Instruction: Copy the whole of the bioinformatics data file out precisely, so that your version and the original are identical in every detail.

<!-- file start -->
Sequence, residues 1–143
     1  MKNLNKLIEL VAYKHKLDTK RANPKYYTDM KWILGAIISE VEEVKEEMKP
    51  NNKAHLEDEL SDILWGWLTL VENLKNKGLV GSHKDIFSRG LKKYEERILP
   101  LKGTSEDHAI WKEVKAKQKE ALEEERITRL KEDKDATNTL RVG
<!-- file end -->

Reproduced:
Sequence, residues 1–143
     1  MKNLNKLIEL VAYKHKLDTK RANPKYYTDM KWILGAIISE VEEVKEEMKP
    51  NNKAHLEDEL SDILWGWLTL VENLKNKGLV GSHKDIFSRG LKKYEERILP
   101  LKGTSEDHAI WKEVKAKQKE ALEEERITRL KEDKDATNTL RVG